Because of the inability of DCIS to invade and metastasize, there is ongoing debate regarding whether it should be classified as a cancer. While pure DCIS is considered nonlethal, patients diagnosed with DCIS are 4 times more likely than the general population to subsequently develop invasive disease. Factors associated with a greater risk of development of invasive disease include young age, premenopausal status, Black race, increased body mass index, and detection by palpation.
The process that causes some DCIS to calcify is unclear but is likely a combination of passive (degenerative/dystrophic) and active (secretory and activation of bone matrix) processes. On mammography, noncalcified DCIS may present as a mass, an asymmetry, or an area of architectural distortion [Figures 1 and 2]. On mammography, DCIS mass lesions most often present with irregular shapes, indistinct margins, and isodensity, mimicking the appearance of invasive carcinomas.[6,7] DCIS presents without microcalcifications 10–20% of the time and mammographic detection is especially limited in dense breast tissue [Figure 3]. Clinical symptoms are reported in 10– 24% of patients with DCIS and are more often seen in patients with noncalcified DCIS when compared to those with calcified DCIS.[1,6] In a cohort of 217 women with DCIS, mammography demonstrated an overall sensitivity of 84%, detecting 51% cases of noncalcified DCIS and 100% cases of calcified DCIS. 49% of the cases of noncalcified DCIS were false negative on mammography, and the remainder were seen as masses (30%), focal asymmetries (15.5%), and architectural distortions (5.5%).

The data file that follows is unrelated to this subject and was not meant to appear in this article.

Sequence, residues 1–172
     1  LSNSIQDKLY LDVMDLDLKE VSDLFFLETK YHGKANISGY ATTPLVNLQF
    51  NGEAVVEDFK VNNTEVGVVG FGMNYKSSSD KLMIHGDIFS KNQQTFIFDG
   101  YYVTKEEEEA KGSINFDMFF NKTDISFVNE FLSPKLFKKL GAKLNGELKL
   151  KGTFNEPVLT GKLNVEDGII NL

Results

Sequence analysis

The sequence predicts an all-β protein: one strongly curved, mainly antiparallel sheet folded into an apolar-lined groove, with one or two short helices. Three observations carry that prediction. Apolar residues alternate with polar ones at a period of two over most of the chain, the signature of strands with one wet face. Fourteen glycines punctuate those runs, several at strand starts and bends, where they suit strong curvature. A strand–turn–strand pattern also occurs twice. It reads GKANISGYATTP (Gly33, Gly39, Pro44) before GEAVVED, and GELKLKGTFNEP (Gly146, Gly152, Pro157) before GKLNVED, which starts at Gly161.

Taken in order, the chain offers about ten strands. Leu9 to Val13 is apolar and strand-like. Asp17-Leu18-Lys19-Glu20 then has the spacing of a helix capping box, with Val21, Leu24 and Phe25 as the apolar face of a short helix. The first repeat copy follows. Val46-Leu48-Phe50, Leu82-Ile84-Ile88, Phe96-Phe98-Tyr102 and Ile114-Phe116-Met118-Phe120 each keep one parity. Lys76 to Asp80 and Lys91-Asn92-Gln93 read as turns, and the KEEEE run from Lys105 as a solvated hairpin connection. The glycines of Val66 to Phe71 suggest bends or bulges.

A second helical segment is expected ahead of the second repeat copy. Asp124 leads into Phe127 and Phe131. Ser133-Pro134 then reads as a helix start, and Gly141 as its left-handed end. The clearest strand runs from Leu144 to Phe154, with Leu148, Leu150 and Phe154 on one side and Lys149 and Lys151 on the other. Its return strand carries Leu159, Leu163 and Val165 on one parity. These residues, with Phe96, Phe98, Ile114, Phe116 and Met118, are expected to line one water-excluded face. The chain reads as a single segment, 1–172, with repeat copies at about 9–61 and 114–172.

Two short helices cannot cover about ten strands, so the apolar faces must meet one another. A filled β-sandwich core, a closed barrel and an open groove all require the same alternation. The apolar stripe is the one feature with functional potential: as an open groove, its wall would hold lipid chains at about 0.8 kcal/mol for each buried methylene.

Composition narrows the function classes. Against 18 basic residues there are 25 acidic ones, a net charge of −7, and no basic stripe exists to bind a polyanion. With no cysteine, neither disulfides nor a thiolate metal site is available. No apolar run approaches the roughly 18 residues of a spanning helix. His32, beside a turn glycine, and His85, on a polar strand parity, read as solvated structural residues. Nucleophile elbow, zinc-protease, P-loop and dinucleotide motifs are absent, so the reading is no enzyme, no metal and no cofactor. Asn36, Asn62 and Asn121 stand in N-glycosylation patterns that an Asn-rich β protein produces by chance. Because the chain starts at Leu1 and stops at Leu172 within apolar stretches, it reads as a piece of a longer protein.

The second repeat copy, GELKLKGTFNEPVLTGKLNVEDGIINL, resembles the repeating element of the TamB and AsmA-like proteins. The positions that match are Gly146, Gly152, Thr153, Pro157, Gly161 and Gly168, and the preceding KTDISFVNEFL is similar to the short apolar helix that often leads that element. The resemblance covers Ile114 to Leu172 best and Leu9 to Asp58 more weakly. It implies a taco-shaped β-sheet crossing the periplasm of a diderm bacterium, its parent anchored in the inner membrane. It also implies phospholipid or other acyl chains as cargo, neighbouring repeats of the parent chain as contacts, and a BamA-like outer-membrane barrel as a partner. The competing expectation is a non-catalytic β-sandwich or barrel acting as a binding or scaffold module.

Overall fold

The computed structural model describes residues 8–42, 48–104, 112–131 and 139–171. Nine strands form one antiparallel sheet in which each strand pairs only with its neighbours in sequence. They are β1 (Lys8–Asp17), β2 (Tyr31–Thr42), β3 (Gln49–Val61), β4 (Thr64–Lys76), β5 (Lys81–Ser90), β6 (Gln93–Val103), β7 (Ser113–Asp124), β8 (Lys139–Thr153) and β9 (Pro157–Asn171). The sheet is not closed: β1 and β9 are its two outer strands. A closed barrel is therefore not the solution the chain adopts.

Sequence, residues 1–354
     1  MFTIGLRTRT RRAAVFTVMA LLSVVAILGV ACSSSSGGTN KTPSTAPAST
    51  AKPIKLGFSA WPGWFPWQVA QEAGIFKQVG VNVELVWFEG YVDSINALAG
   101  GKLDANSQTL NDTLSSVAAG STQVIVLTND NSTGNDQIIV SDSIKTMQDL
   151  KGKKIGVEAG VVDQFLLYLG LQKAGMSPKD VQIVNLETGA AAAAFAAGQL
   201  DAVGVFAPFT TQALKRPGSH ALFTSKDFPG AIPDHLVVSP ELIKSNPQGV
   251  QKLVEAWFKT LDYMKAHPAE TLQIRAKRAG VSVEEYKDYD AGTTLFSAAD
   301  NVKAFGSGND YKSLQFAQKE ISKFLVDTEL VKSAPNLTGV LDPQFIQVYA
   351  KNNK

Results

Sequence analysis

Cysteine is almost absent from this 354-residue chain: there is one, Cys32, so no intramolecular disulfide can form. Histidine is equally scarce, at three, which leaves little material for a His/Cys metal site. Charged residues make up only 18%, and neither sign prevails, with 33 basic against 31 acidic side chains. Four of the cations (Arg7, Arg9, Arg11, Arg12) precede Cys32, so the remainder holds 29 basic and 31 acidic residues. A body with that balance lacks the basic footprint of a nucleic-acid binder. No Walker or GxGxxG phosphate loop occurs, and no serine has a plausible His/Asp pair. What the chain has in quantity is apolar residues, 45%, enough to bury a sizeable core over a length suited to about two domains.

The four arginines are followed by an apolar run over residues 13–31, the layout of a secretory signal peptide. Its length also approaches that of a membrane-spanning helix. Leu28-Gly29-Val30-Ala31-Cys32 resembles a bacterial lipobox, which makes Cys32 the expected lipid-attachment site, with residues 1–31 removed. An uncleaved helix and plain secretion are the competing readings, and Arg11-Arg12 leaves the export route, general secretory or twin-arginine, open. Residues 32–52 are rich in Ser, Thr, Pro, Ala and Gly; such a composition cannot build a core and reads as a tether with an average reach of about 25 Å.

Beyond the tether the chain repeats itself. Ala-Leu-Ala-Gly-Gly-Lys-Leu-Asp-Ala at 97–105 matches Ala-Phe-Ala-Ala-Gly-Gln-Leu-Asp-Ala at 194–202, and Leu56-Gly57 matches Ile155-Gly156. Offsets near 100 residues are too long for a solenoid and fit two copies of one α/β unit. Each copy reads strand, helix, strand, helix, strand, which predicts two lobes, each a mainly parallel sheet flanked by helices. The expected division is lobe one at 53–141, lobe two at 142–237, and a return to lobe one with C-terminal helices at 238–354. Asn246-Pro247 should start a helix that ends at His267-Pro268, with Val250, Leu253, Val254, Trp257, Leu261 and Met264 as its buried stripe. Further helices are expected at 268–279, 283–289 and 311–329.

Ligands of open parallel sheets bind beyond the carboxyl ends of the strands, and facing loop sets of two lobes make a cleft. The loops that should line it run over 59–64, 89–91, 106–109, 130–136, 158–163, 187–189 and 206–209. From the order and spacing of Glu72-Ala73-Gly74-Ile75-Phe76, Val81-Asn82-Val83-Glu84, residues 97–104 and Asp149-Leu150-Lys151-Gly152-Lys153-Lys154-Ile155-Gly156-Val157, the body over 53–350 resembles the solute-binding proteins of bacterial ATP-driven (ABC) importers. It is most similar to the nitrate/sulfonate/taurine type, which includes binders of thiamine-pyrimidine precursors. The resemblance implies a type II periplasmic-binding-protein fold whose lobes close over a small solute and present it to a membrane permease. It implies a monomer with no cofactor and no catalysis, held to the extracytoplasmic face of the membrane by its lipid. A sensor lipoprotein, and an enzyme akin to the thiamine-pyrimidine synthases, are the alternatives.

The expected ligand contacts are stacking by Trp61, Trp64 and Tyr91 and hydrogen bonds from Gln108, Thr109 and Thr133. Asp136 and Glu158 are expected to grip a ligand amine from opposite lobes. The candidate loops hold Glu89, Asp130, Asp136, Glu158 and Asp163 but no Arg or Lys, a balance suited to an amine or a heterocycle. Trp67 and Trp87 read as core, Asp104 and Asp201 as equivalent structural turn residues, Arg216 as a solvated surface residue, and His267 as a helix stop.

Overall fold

On ultrasound, noncalcified DCIS may present as ductal abnormalities, masses with or without cystic components, or architectural distortions.[1,3] Ductal abnormalities may be seen as an abnormal number of ducts from ductal neogenesis or as abnormal ducts, which may be enlarged or contain intraductal material.[1,8] Ductal ectasia associated with DCIS may be overlooked due to similar findings in benign ductal ectasia [Figure 4]. On ultrasound, noncalcified DCIS may appear similar to invasive carcinoma as an area of architectural distortion or as a mass with indistinct, circumscribed or irregular margins, with or without intraductal extension. Masses are typically hypoechoic, and they may have mixed solid and cystic components. The orientation is most often parallel.
In a subset of 126 patients with noncalcified DCIS, almost all (95%) lesions were visible on ultrasound. DCIS which is occult on mammography and detected on ultrasound alone is often lower in grade compared to calcified DCIS seen on mammography. There is a superior detection rate of noncalcified DCIS with digital breast tomosynthesis (DBT) and ultrasound compared to digital mammography (DM) alone in all patients, but particularly in those with dense breasts. Su et al. reported overall detection rates of DBT, DM, and ultrasound for noncalcified DCIS as 83.7%, 68.4%, and 94.9%, respectively.